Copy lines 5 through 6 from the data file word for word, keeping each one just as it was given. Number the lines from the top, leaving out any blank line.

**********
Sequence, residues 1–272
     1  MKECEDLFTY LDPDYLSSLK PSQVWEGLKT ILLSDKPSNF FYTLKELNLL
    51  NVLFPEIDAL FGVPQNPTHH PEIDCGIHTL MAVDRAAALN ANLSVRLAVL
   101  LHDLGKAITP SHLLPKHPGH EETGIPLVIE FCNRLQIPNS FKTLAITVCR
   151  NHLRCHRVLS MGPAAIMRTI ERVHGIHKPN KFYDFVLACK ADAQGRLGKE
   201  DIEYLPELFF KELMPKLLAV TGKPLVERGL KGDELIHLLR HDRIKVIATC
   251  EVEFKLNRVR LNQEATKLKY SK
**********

   151  NHLRCHRVLS MGPAAIMRTI ERVHGIHKPN KFYDFVLACK ADAQGRLGKE
   201  DIEYLPELFF KELMPKLLAV TGKPLVERGL KGDELIHLLR HDRIKVIATC